Note: The idea for visual narratives and individualized maps came from the following books by Paula Kluth and Sheila Danaher:
I cannot possibly say enough good things about these two resources. They are the single best idea-starters for modifying curriculum and church experiences for students with special needs. Both are written for the school environments, however they are highly practical and easy to read. A visual illustration is provided for almost every suggestion.
Doc kicked off Orange Conference Special Needs Precon workshops by offering practical pointers on training volunteers and helping kids with autism experience success.
Doc’s shared about his background as a retired pediatrician and most importantly, the father of a child with autism. The pictures above are of Doc’s son Mark, who most shaped Doc for his role of a People Care Pastor and a Special Needs Ministry Leader.
Above is the newly designed logo Doc showed for Grace Church’s Special Needs Ministry.
Doc provided a fantastic handout that answers the following questions:
Why is training important?
Who needs training?
What should we talk about in training?
Doc’s handout provides a detailed blueprint for special needs ministry training events. To access the handout, click here: OC14_ Autism_Hunsley_Handout
Doc then walked the participants through 10 scenarios a volunteer might face and coaching for how to respond:
Get on child’s level.
Stay calm, talk them through what is going on.
Use simple language.
Let them know what is expected using First, then language: “First we are going to listen to the story, then we are going to have a snack.”
Have student repeat back the statement if they are verbal.
Give the student a choice as part of the solution “You can choose the red chair or the black chair for story time.”
Take note of factors when student is agitated.
Give the student warnings ahead of time: “2 minutes left for this activity”
Give student the chance to acclimate/cool down ahead of time (remove from activity ahead of others.)
Large Group Challenge
Student appears upset, hands over ears, squinting eyes = sensory overload
Look for the trigger(s): overcrowded room, lights, noise, smell
Try moving student to another part of room. E.g. Nearby volunteer might have on irritating perfume.
Provide a sensory toy such as a squish toy or fidget. This gives them something to focus their energy on.
Massage on shoulder, deep pressure for some students is relaxing. (Ask parents for guidance.)
Keep noise reduction earphones on hand and provide as needed.
Allow student to participate in a more controlled environment while still feeling part of what is going on. (For example, student may be in a nearby room where they can still see and hear, but they have some distance from the intensity. Also, going to a room that provides a livestream of what is happening in large group.)
Objects in Mouth
If you offer snacks, this might be good time to pull them one out for student.
Student may need a way to “fidget” even if with hands, provide box of fidget toys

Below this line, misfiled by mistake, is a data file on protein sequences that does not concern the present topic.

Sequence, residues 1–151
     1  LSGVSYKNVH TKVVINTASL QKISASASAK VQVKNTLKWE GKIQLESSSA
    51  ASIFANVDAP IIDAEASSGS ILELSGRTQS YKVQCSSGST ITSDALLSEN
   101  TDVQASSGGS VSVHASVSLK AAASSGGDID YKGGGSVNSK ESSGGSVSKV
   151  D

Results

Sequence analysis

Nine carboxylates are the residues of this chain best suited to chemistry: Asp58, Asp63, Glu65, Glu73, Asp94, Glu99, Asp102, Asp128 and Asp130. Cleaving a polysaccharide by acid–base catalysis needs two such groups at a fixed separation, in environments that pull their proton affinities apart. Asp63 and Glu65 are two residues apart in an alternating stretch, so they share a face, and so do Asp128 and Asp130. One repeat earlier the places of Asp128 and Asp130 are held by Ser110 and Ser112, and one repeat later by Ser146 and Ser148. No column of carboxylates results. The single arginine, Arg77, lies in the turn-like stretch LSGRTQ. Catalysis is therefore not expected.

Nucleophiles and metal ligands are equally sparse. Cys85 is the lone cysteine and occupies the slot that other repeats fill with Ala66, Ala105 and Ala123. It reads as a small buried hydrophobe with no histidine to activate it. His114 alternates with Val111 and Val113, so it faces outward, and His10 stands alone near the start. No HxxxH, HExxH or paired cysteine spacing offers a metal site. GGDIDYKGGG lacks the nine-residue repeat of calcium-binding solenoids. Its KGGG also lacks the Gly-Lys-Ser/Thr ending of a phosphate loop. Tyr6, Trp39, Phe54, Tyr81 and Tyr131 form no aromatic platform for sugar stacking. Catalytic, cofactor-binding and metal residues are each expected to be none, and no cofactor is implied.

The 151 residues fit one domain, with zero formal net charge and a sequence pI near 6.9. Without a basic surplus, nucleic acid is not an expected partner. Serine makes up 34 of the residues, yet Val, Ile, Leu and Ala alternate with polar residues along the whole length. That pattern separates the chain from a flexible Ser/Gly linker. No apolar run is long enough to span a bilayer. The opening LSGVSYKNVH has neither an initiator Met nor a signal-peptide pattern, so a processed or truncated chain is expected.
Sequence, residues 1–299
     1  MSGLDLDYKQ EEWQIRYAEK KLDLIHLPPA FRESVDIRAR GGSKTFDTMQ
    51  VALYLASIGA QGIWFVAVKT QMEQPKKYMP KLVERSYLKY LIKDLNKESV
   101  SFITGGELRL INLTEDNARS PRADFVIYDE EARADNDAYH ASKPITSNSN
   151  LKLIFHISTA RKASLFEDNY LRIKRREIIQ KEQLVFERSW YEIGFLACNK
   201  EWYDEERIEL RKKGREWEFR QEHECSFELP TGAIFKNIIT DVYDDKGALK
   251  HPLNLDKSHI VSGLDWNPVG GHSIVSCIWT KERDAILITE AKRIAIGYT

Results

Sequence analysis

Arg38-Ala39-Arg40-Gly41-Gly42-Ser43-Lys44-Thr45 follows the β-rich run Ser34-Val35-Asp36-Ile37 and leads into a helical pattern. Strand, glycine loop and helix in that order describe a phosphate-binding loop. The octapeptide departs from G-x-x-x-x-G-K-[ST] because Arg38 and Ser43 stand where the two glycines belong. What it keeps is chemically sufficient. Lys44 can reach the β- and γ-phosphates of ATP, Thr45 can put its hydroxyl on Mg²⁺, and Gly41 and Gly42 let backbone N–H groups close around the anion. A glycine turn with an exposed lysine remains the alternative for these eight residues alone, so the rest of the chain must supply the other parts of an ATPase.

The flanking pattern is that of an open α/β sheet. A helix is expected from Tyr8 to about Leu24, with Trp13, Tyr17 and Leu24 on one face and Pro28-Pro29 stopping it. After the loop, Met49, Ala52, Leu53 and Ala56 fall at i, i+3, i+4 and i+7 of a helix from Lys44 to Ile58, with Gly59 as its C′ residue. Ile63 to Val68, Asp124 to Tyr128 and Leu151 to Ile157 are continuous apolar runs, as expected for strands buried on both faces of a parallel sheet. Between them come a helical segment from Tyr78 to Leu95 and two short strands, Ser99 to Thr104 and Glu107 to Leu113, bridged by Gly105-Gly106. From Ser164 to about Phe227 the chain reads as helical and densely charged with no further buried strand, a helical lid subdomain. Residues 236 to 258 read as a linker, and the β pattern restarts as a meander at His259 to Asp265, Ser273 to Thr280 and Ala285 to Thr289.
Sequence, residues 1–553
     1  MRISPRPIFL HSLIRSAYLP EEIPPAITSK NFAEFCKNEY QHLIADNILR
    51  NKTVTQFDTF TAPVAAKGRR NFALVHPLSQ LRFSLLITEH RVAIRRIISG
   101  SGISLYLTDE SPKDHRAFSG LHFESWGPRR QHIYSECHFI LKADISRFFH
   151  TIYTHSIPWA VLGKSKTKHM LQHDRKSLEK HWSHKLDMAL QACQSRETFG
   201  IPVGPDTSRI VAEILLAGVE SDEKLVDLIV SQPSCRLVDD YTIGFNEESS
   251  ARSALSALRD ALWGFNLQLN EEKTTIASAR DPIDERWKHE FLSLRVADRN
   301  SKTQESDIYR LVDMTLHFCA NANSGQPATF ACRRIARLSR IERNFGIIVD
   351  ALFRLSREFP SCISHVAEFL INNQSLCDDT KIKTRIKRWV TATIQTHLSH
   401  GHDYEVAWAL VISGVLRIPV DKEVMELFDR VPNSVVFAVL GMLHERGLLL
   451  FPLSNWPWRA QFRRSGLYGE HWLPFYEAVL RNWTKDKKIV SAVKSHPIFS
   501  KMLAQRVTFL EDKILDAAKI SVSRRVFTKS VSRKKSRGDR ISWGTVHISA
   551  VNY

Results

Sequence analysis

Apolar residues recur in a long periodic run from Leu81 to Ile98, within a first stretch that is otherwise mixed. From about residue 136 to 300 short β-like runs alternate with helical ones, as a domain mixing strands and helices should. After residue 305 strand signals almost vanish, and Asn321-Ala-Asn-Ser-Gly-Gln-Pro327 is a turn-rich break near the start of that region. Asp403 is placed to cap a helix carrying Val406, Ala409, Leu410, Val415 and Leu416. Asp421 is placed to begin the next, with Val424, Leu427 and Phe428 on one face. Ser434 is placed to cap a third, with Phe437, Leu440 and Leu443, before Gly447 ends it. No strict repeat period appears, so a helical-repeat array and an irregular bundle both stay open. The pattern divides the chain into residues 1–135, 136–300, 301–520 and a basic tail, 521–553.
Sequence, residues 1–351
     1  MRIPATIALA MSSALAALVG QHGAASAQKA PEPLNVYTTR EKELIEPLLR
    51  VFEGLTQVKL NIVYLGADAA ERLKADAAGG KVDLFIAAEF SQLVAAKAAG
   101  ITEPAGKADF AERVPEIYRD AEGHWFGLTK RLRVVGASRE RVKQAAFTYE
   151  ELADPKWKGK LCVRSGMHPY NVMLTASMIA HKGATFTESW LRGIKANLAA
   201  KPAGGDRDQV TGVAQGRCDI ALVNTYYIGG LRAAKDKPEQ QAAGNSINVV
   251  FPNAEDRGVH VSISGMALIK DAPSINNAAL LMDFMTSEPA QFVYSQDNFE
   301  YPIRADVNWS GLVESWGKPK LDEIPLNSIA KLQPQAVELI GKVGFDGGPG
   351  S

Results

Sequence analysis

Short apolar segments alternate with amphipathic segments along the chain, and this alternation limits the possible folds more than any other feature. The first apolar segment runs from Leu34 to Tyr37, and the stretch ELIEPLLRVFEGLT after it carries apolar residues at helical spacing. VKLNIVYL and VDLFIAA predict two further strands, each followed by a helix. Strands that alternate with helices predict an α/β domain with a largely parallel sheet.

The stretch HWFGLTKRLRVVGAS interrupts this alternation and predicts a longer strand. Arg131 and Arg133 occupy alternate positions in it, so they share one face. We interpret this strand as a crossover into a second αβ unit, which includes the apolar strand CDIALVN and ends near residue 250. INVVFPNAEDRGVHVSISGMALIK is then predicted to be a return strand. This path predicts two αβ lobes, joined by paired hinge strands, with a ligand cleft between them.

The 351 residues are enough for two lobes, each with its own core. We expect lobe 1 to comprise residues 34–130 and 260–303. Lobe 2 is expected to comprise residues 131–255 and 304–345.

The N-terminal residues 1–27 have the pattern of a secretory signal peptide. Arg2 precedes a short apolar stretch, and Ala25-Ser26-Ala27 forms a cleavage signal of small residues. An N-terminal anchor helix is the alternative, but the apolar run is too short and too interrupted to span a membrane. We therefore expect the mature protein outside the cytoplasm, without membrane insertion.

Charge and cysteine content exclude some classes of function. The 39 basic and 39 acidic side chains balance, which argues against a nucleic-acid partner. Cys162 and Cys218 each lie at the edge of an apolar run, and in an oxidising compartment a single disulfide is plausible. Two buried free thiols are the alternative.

Clean your toys regularly!
If continual problem, ask parents how they address it at home. Parents may have preferred chew toy that can come to church.
If the are in danger of hurting themselves or others, it needs to be addressed.
Meltdowns can happen at any age.
Create distance between individual having meltdown and everyone else.
Take the classroom or small group out of the environment (suggest bathroom break.)
It is often easier to remove everyone else and not the person with the meltdown.
Try to figure out what the trigger or core problem that caused the meltdown.
When possible, remove the problem.
Recognize that you might be the trigger for the meltdown.
Call for help as soon as serious meltdown starts.
You don’t want to immediately call parents if you think this can be handled. (You will tell parents at pick-up.)
If student is in danger of others, be mindful of your own safety.
Talk soft, talk soft, calm.
Find way to talk about something they can look forward to…snack, favorite activity, when parents will arrive.
Look for obstacles to remove, ex. diminish the lighting in the room, lower noise, offer a weighted blanket.
(Homemade weighted blankets are great.)
Doc recently used a 15 lb weighted blanket to help calm a teen in their ministry who was showing early signs of meltdown.
When nothing else is working, do get the parents.
Be prepared for fast kids who could be locksmiths.
Recognize that some “runners” see it as a game.
Don’t chase a kid who runs because it is a game, you won’t win the race.
If it isn’t a game, then they are probably trying to escape something…look for the trigger.
Create a code word for your church security team for “runner”.
Church security should have a plan to cover every “escape route” and door.
Common for runners to hide…don’t be surprised to find a student in an impossibly small cabinet (away from all stimulation).
This is more likely to happen during transitions.
For identified runners, have someone walk immediately beside them and hold hand.
Look for opportunities to reward student for good behavior to motivate for continued good choice.
Try hard to look for positives to share with parents.
Most parents have been told they are “horrible” parent at some point.